Opstelten J.*1, Vaartjes I.2, Siersema P.3, Bots M.2, Oldenburg B.1
1University Medical Centre Utrecht, Department of Gastroenterology and Hepatology, Utrecht, Netherlands 2University Medical Centre Utrecht, Julius Centre for Health Sciences and Primary Care, Utrecht, Netherlands 3Radboud University Medical Centre, Department of Gastroenterology and Hepatology, Nijmegen, Netherlands
The aims of this study were to determine the incidence of hospitalization for inflammatory bowel disease (IBD) and to determine outcomes after hospital admission.
A cohort of patients who were admitted to the hospital because of IBD for the first time between 1995 and 2010 was identified by linkage of nationwide Dutch registries. Incidence rates, mortality risks and causes of death for Crohn's disease (CD) and ulcerative colitis (UC) were assessed. Cox regression models were used to determine differences between CD and UC.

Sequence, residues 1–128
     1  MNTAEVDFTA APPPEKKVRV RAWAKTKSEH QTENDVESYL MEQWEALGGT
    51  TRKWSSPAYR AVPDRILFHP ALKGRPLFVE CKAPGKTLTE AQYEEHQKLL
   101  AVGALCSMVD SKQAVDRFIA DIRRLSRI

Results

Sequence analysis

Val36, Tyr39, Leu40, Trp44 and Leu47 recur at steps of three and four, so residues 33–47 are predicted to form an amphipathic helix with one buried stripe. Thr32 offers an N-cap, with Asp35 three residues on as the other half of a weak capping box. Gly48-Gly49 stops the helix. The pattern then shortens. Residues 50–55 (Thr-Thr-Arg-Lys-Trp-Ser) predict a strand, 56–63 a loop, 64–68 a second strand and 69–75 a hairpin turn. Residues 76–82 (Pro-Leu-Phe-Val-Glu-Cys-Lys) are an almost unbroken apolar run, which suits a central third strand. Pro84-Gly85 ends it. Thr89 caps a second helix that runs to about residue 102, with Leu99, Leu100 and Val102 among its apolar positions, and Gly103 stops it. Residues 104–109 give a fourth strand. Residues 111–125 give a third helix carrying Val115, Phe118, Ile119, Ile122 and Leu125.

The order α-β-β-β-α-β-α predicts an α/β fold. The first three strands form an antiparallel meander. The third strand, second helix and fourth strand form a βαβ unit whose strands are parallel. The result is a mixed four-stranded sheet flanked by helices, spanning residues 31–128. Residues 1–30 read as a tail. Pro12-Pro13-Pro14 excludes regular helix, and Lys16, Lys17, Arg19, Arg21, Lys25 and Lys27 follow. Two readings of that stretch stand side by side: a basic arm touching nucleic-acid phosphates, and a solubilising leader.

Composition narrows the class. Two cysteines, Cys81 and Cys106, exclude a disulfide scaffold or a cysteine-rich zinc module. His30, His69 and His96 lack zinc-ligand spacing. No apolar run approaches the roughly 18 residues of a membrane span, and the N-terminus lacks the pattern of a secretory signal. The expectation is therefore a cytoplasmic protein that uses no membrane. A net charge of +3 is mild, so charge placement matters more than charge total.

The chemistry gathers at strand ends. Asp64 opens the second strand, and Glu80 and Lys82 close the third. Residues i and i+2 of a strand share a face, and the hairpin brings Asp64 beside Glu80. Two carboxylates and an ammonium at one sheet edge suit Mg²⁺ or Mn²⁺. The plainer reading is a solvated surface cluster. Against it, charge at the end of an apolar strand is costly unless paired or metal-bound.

A total of 28,843 individuals (56.0% men, mean age 47.7 years) were at least once hospitalized for IBD. Incidence rates of hospital admission increased from 7.18 to 8.28 per 100,000 person-years in CD and from 5.71 to 6.30 per 100,000 person-years in UC. During a mean follow-up of 5.69 years, all-cause mortality was 15.9% and 21.5% after hospital admission for CD and UC, respectively. Main causes of death were cancer and cardiovascular disease. Patients admitted for UC had a lower risk of all-cause mortality (adjusted relative risk [RR] 0.88, 95% confidence interval [CI] 0.83–0.92), death from cardiovascular disease (adjusted RR 0.89, 95% CI 0.80–0.98) and death from cancer (adjusted RR 0.81, 95% CI 0.74–0.89) than those admitted for CD. No difference in risk of death from colon cancer between CD and UC was observed (adjusted RR 0.89, 95% CI 0.70–1.12).
The incidence of hospitalization for IBD did not decrease over time and the all-cause mortality risk of patients after first admission to the hospital was high.